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Chapter 3 Review: Solved problems

1. (a) What are the possibilities for the order of an element of Z13×? Explain your answer.

Solution: The group Z13× has order 12, and by Corollary 3.2.11 the order of any element must be a divisor of 12, so the possible orders are
1, 2, 3, 4, 6, and 12.

(b) Show that Z13× is a cyclic group.

Solution: The first element to try is [2], and computing its powers gives us
22 = 4,
23 = 8,
24 = 16 3,
25 = 2 · 24 2 · 3 6, and
26 = 2 · 25 2 · 6 12,
so the order of [2] is greater than 6. By part (a) it must be 12, and thus [2] is a generator for Z13×. We could also write this as
Z13× = < [2]13 >.

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2. Find all subgroups of Z11×, and give the lattice diagram which shows the inclusions between them.

Solution: We first check for cyclic subgroups. For the powers of [2] we get
[2]2=[4],
[2]3=[8],
[2]4=[5],
[2]5=[10],
[2]6=[9],
[2]7=[7],
[2]8=[3],
[2]9=[6],
[2]10=[1].
This shows that Z11× is cyclic, and so by Proposition 3.5.3 the subgroups are as follows:
< [2] > = Z11×;
< [2]2 > = { [1], [2]2, [2]4, [2]6, [2]8 } = { [1],[4],[5],[9],[3] };
< [2]5 > = { [1], [2]5 } = { [1],[10] } and
{ [1] }.
The lattice diagram forms a diamond.

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3. Let G be the subgroup of GL3 (R) consisting of all matrices of the form such that a and b are in R.
Show that G is a subgroup of GL3 (R).

Solution: We have

,

so the closure property holds. The identity matrix belongs to the set, and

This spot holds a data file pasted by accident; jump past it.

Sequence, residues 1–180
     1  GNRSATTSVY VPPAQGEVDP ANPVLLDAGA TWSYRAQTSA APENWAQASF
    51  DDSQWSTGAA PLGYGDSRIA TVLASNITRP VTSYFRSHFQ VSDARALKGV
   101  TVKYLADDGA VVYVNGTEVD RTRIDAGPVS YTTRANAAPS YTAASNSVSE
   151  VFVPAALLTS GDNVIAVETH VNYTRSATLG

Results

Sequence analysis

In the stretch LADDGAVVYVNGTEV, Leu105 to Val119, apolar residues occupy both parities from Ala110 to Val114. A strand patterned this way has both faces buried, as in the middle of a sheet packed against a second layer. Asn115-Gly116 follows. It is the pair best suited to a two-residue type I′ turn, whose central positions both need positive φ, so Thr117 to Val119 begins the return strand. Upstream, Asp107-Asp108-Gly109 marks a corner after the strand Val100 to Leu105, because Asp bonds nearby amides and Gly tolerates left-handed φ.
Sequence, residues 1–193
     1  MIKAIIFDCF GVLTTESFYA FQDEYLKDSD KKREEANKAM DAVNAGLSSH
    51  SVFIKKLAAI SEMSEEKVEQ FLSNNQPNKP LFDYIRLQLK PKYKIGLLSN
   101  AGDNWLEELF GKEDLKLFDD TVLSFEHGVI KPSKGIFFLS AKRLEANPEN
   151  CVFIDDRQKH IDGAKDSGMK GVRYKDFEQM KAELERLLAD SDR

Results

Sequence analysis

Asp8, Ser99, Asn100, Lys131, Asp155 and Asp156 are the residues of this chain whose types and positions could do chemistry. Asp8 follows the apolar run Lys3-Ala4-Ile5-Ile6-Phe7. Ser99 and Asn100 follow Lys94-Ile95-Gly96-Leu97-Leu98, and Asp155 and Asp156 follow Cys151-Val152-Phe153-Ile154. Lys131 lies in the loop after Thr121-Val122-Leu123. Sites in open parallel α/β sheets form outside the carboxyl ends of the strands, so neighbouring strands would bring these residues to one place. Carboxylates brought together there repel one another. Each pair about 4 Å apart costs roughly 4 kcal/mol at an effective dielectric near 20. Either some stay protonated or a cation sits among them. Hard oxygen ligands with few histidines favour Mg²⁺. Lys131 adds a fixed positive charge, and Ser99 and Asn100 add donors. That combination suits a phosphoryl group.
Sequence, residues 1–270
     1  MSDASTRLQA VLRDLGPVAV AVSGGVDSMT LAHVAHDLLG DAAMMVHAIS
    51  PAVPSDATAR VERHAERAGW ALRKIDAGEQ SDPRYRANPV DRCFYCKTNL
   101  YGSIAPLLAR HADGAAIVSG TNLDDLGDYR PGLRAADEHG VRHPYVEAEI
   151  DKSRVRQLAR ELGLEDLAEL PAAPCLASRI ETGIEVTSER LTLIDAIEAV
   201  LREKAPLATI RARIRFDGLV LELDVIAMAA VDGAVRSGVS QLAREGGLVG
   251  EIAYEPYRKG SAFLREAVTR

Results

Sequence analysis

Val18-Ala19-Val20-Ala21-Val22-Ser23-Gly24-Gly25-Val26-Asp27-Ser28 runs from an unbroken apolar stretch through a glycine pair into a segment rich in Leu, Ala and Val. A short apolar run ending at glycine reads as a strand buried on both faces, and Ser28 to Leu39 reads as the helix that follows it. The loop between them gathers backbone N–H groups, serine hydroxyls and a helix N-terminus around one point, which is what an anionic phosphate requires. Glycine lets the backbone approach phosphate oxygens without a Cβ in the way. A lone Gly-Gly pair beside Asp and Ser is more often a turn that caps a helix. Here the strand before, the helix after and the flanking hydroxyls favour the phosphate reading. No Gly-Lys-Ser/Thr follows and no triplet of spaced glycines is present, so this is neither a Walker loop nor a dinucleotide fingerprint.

,

so the set is closed under taking inverses. (Click here for more details about finding the inverse.)

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4. Show that the group G in Problem 3 is isomorphic to the direct product R × R.

Solution: Define : G -> R × R by

= (a, b).

This is one-to-one and onto because it has an inverse function
: R × R -> G defined by

((a,b)) =

Finally, preserves the respective operations since


    =

    = (a+c, b+d) = (a,b) + (c,d)

    = +

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5. List the cosets of the cyclic subgroup < 9 > in Z20×. Is Z20× / < 9 > cyclic?

Solution: Z20× = { ± 1, ± 3, ± 7, ± 9 }.
Here are the cosets of < 9 > :

< 9 > = { 1,9 }
(-1) < 9 > = { -1, -9 }
3 < 9 > = { 3, 7 }
(-3) < 9 > = { -3, -7}

Since x2 is in < 9 >, for each element x of Z20×, the factor group is not cyclic since it has no element of order 4.

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6. Let G be the subgroup of GL2 (R) consisting of all matrices of the form , and let N be the subset of all matrices of the form .

(a) Show that N is a subgroup of G, and that N is normal in G.

Solution: The set N is nonempty since it contains the identity matrix, and Corollary 3.2.3 shows it to be a subgroup since

.

N is normal in G since

.

(Click here for more details about finding these inverses.)

(b) Show that G / N is isomorphic to the multiplicative group R×.

Solution: Define : G -> R× by = m .
Then we have

.

Since m can be any nonzero real number, maps G onto R×, and
= 1
if and only if m = 1, so N = ker (). The fundamental homomorphism theorem implies that G/N R×.

Comment: The proof of part (b) also proves part (a), since once you have determined the kernel, you know that it is always a normal subgroup. Thus parts (a) and (b) can be proved at the same time, using the argument given for part (b).